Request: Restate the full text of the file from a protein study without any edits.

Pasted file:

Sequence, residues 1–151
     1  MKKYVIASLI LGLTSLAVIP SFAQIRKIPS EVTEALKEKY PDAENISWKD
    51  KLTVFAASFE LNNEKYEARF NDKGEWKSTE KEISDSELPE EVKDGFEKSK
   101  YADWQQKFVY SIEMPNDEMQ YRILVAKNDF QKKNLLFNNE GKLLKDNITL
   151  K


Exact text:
Sequence, residues 1–151
     1  MKKYVIASLI LGLTSLAVIP SFAQIRKIPS EVTEALKEKY PDAENISWKD
    51  KLTVFAASFE LNNEKYEARF NDKGEWKSTE KEISDSELPE EVKDGFEKSK
   101  YADWQQKFVY SIEMPNDEMQ YRILVAKNDF QKKNLLFNNE GKLLKDNITL
   151  K